United States District Court, D. Massachusetts
ORDER AND MEMORANDUM ON DEFENDANT’S MOTION FOR
SUMMARY JUDGMENT (DOCKET NO. 38)
TIMOTHY S. HILLMAN DISTRICT JUDGE.
Brown (“Ms. Brown”) filed this action against her
former employer, Juniper Networks, Inc.
(“Juniper”), alleging that it interfered with her
rights under the Family Medical Leave Act
(“FMLA”), 29 U.S.C. § 2615, and
discriminated and retaliated against her for taking leave.
Juniper moves for summary judgment on all Ms. Brown’s
claims. (Docket No. 38). For the following reasons, the Court
grants summary judgment on the
interference claim and denies
summary judgment on the retaliation and discrimination
is a “technology company that designs, develops and
markets networking products and services.” (Docket No.
40 at 1). In June 2015, Juniper hired Ms. Brown as a Major
Account Manager (“MAM”). (Docket No. 40 at 1). In
this capacity, Ms. Brown sold Juniper products and services
to a finite group of accounts on a regular basis. (Docket No.
40 at 1).
Sullivan (“Mr. Sullivan”), Regional Director of
the Northeast Enterprise Sales Team, served as Ms.
Brown’s immediate supervisor. (Docket No. 40 at 2). In
the fall of 2016, Mr. Sullivan addressed several performance
issues with Ms. Brown, including her failure to timely update
her sales pipeline or submit expense reports, her low revenue
numbers, and her poor customer satisfaction
reports. (Docket No. 43-1 at 10–12). He
expressed the intent to issue a written warning to Ms. Brown
(Docket No. 41-4 at 2), although he failed to follow through
at the time (Docket No. 50-2 at 2).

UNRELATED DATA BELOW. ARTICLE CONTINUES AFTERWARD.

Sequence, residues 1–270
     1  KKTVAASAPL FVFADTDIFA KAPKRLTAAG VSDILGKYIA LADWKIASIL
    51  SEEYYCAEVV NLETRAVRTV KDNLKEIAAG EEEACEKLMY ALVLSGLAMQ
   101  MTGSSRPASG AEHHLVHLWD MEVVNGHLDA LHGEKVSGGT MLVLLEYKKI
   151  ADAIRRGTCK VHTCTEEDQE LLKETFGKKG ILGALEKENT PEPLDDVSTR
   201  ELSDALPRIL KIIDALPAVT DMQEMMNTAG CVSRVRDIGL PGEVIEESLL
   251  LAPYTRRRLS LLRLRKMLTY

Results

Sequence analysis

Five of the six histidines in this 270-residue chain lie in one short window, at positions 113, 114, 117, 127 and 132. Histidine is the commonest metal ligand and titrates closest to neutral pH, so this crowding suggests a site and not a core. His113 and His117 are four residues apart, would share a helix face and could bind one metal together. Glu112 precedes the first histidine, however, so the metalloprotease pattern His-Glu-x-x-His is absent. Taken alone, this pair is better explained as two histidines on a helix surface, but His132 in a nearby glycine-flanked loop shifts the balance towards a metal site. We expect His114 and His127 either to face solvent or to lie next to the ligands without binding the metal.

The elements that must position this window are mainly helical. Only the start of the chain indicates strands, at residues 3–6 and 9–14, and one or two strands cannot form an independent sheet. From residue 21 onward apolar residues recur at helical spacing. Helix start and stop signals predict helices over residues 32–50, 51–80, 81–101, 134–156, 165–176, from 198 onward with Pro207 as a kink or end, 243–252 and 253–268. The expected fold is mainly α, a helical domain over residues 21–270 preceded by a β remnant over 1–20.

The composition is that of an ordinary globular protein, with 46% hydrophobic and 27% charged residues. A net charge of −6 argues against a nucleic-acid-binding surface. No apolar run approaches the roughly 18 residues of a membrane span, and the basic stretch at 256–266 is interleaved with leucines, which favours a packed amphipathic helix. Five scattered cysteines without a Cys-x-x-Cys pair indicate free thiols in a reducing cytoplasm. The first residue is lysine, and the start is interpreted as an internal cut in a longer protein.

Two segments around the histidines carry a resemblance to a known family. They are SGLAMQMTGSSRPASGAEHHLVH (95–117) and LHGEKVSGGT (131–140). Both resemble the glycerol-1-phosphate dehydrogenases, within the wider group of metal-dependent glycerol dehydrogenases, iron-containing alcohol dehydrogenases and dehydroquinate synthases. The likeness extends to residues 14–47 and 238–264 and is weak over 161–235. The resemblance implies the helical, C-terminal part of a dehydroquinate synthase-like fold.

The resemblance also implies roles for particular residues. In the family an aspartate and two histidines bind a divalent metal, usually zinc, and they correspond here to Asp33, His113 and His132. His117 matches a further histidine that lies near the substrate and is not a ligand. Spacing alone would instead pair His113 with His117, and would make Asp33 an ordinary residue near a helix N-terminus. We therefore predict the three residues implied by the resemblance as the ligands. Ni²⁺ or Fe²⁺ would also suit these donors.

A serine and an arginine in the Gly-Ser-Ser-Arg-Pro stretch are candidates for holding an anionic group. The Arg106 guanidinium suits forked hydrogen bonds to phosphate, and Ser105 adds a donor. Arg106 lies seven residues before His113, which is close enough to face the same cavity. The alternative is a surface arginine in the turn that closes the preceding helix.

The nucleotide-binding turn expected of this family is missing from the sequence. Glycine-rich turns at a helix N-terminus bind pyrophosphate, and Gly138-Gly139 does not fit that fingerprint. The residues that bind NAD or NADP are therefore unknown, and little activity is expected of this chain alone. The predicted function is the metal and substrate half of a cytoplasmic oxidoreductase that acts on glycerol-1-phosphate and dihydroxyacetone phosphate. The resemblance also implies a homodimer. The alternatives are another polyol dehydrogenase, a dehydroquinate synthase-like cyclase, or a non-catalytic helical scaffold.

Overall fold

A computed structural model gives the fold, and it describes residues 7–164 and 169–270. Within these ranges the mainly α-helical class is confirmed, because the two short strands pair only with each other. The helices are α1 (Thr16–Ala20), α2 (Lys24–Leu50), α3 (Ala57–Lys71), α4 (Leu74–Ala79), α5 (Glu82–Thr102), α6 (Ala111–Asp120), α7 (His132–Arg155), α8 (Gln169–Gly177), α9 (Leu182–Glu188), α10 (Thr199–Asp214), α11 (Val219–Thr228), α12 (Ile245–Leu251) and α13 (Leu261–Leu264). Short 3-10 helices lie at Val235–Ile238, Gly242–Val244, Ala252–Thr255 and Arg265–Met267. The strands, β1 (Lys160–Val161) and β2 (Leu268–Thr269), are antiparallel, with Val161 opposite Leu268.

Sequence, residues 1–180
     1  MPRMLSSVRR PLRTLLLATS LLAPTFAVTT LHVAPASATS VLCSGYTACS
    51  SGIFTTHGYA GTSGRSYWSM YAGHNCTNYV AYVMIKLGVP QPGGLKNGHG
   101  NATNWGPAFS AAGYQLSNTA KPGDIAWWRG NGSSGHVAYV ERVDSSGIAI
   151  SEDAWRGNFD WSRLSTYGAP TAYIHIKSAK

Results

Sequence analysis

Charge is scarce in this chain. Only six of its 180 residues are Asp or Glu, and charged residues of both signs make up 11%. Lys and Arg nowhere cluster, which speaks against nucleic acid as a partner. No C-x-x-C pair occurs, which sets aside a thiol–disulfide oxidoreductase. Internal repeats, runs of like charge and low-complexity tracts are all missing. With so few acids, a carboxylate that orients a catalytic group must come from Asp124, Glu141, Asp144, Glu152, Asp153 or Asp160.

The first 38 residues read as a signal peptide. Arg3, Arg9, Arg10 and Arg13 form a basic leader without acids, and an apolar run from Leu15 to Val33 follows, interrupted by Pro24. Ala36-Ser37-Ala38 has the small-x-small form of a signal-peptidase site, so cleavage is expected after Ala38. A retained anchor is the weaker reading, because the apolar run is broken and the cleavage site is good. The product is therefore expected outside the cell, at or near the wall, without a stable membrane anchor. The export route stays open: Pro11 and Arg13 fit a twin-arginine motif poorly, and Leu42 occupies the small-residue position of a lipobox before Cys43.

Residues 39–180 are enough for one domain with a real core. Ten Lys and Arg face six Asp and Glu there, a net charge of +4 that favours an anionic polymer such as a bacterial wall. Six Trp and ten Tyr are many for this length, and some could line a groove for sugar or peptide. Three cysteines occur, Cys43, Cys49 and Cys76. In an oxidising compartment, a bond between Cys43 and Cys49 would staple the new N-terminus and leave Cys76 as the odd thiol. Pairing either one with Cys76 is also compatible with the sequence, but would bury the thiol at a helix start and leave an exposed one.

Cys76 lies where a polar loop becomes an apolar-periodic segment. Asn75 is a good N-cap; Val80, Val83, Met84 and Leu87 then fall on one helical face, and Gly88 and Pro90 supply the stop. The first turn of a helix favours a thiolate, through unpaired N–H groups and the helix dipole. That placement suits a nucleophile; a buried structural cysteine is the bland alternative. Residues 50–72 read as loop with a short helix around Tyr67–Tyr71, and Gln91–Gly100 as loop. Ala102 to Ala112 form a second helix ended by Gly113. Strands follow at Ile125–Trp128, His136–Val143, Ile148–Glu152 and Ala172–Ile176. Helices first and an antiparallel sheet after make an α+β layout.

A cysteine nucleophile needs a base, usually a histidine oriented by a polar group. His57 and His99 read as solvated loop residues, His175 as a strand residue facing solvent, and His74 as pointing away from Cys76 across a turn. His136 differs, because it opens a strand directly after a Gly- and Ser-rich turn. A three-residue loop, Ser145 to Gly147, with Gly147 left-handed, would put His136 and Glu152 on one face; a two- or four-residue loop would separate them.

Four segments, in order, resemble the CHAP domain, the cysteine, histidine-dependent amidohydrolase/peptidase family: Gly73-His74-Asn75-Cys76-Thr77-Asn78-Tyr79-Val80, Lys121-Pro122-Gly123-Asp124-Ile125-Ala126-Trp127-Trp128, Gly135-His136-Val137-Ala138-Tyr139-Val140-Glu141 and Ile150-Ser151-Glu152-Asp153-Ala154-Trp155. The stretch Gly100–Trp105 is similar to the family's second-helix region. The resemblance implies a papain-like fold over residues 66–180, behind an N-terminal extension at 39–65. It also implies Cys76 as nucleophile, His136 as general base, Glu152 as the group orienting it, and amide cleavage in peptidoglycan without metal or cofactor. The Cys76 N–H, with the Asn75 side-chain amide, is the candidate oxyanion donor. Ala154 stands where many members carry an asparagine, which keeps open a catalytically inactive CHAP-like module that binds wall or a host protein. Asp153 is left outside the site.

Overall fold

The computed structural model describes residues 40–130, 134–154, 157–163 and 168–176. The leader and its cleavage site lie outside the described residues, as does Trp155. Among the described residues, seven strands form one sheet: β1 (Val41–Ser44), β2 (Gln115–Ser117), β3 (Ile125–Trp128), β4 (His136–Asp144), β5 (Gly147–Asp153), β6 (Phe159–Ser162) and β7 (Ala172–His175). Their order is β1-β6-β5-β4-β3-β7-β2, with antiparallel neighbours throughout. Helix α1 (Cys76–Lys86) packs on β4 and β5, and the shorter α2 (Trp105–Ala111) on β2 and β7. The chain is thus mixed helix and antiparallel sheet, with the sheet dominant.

September 19, 2016, Ms. Brown applied for FMLA leave
effective October 3, 2016. (Docket No. 42-1). Because FMLA
leave is unpaid, Ms. Brown requested in her application to
use paid time off for the first two weeks and to switch to
short term disability payments on October 17. (Docket No.
42-1 at 4). After several extensions, Ms. Brown’s FMLA
leave was scheduled to end on December 15, 2016. (Docket Nos.
53-3 at 2, 53-4 at 2). Mr. Sullivan allegedly expressed
frustration with the length of her leave given these
extensions. (Docket No. 48-6 at 2).
Ms. Brown was on leave, Juniper reorganized its sales force.
(Docket No. 40 at 5). Mr. Sullivan had previously overseen
MAMs in the Northeast and Mid-Atlantic regions, but after the
reorganization, he oversaw MAMs and Territory Account
Managers (“TAMs”) in the Northeast and upstate
New York. (Docket No. 40 at 5). Although the reorganization
did not impact the existence of Ms. Brown’s job (Docket
No. 50-2 at 5), Mr. Sullivan filled her position with another
employee. (Docket No. 40 at 8). Stan Frost (“Mr.
Frost”), then a TAM, took over Ms. Brown’s
accounts (Docket No. 40 at 8–9), and when Ms.
Brown returned to Juniper on January 12, 2017, Mr. Sullivan
reassigned her to the now-vacant TAM role. (Docket No. 40 at
6). Her salary and commission remained the same, but as a
TAM, she serviced a geographic territory rather than
designated accounts and had a lower sales achievement goal